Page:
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Ghirlandaio Gown Dress Diary-Week 1

Ghirlandaio Gown Dress Diary-Week 1

As part of my preparation/practice blogging for IRCC8, I started keeping notes about what work I did on this outfit every day in the Squarespace blogging app and uploading pictures of what I was doing (mostly ripped off my insta stories). Then I started expanding on my notes, formatting pictures, and I realized it was starting to look like a fully fledged dress diary! Obviously my work for the entire month will be too long for me to submit for the IRCC updates and I will need to paint things in broader strokes, but I thought it might be fun to publish what I've done every week, and also hopefully encourage me to keep working on it a little bit every day, if I can. 

This first week has focused on fabric prep, including working on carving my stamp for block printing my giornea fabric. I also got a really good start on my camicia. I don't know what it is, but I feel like starting a project with the base layer just gives me a really good starting point. They're labor intensive (if you choose to do a lot of hand sewing like me) but very simple, so they give me a lot of confidence to jump start the entire project! 


April 1: I was traveling back from NYC where I visited the garment district and got the last of my fabrics for my giornea today, so I didn't get much done! I serged the ends of all of my fabrics so I could prewash them and also started to iron my crewel fabric for my gamurra in an attempt to get it to preshrink a bit since I didn't intend on prewashing it. To protect the embroidery, I ironed it face down on a fluffy towel placed on the ironing board and made sure not to press too hard. While ironing I noticed the back side of the fabric (which had been folded to the outside when it was shipped) was pretty dirty, especially along the middle where it had been folded and the selvedges. While the front didn't have these marks, I wanted to be sure the stains wouldn't get on the front with time so I decided to send it to the dry cleaners. 

 Stacked to the ceiling with fabric! My sister climbed up on a ladder to take this pic

Stacked to the ceiling with fabric! My sister climbed up on a ladder to take this pic

 Dying over all the velvets. They were stacked about 6ft deep behind me

Dying over all the velvets. They were stacked about 6ft deep behind me

 Smoothie: powerfood for all day fabric shopping

Smoothie: powerfood for all day fabric shopping

April 2:  I washed all my my fabric (which resulted in lots of linen lint bunnies tumbling around my backyard!) and also started carving my stamp for block printing my giornea. After lots of searches, I couldn't ever find a fabric which matched the spread-out feel of the motif in the source image, so I decided to work with a printed fabric instead (not HA at all, but in the source you can actually see inconsistencies in the motif including not seeing it on the back of the fabric, which is what gave me the idea). I do plan on adding bits of beading and embellishing to the motif in order to make it look really rich. My friend helped me to digitally recreate the motif from the original garment in Illustrator, which I then printed off on my (toner) printer at work so I could iron it onto the stamp material. I was amazed at how well it transferred! And then it continued to be easy to transfer, mostly onto my fingers while I worked at starting to carve the block. There are lots of little tiny areas in this motif which make it difficult to carve, but I managed to get the entire motif outlined, and now will start on removing all the excess material from around it.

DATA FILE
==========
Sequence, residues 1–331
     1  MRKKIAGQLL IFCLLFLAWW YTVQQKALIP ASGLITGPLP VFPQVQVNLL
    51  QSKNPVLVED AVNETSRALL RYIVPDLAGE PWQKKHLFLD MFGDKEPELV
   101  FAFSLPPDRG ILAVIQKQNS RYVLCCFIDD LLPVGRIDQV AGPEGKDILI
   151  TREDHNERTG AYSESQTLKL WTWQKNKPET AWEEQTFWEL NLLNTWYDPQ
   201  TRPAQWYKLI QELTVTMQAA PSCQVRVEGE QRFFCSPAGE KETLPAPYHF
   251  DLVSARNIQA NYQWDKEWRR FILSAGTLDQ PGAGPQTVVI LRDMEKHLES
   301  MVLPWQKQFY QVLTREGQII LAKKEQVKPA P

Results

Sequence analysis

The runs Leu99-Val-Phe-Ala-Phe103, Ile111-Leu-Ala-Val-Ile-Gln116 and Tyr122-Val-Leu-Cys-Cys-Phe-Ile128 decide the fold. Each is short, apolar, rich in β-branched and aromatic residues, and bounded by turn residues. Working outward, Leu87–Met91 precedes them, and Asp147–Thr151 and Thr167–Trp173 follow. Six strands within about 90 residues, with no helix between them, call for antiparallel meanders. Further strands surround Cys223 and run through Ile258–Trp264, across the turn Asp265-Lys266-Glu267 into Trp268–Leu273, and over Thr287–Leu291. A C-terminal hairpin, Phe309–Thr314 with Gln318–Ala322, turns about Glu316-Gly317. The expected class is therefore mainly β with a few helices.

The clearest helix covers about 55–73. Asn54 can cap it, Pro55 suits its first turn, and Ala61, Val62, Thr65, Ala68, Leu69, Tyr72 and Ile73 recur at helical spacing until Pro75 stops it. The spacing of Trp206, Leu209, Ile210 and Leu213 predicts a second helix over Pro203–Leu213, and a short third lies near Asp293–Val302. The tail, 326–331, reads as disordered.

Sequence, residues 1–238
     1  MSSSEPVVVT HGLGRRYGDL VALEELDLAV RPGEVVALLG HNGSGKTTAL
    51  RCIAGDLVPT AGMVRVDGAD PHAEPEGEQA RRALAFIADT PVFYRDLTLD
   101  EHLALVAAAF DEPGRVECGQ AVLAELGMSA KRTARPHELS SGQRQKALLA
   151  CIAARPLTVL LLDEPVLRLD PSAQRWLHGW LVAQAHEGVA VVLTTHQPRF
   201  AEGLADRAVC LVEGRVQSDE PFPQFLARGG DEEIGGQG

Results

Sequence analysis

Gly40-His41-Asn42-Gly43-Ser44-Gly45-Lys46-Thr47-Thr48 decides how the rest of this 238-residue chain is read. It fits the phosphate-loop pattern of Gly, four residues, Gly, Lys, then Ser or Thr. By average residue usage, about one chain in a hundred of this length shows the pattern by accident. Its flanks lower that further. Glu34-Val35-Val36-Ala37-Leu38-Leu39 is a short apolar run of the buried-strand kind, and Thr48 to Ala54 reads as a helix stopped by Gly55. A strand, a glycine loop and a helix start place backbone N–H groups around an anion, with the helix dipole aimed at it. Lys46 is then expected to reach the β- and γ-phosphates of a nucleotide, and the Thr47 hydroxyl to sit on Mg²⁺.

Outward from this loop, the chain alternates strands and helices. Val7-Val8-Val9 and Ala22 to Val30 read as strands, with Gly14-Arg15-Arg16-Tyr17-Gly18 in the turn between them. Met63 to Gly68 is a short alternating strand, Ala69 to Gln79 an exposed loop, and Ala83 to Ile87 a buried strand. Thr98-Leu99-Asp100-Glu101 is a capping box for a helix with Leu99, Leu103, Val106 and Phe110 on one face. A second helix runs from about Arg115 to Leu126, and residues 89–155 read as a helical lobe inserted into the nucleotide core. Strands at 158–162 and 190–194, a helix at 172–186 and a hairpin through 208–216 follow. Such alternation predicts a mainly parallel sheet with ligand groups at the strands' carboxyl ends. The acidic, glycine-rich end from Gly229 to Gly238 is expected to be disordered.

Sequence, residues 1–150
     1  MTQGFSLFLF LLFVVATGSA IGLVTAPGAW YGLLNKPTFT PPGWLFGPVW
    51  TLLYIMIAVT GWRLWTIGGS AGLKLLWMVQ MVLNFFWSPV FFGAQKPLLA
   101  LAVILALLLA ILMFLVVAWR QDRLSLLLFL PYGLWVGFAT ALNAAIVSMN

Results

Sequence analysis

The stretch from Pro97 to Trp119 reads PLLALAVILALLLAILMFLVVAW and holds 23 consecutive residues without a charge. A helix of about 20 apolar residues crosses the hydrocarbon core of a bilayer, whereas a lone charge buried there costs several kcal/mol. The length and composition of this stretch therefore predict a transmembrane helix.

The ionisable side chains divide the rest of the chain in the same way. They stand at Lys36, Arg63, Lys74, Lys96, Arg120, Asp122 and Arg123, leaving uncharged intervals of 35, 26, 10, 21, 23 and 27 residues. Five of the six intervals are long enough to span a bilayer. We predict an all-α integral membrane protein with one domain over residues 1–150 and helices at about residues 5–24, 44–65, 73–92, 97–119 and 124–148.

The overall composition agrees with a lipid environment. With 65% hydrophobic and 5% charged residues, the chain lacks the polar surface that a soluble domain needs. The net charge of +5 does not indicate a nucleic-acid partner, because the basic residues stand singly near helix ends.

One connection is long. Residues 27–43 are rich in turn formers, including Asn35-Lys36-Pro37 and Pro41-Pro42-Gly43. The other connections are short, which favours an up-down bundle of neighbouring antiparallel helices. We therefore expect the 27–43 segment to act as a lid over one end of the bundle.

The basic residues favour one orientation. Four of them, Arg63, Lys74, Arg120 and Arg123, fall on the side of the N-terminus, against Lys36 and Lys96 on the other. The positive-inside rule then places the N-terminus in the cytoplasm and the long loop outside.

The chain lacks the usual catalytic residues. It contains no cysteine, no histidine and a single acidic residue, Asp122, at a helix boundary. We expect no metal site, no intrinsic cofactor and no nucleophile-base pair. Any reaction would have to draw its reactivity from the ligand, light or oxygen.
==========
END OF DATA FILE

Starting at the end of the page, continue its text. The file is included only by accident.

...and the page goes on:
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 April 2

April 3:  The super lightweight linen is extremely wrinkly when it comes out of the dryer, so I spent most of my time ironing it back to flat. To iron very wrinkly linen, it's best if the linen is actually damp instead of just using steam, so my spray bottle was a big help here. Just remember that ironing wet fabric produces a lot of steam and makes the fabric super hot, so be careful! Then I was able to cut out all the pieces of my camicia, which I do by pulling out weft and warp yarns to cut the pieces perfectly on grain. Time consuming, but worth it to work with perfectly on grain fabric, and this linen is too loosely woven to tear. I roughly followed the cutting guide on the Venetian camicia from The Realm of Venus, but cutting 2x historical loom width (56") for the front and back (which just so happened to be the width of my fabric), historical loom width (28") for each sleeve, and 1/2 historical loom width (14") for each side piece. I also had enough fabric left over for my first accessory, my handkerchief, which I begun to pull yarns out of for the drawn thread embroidery I will do.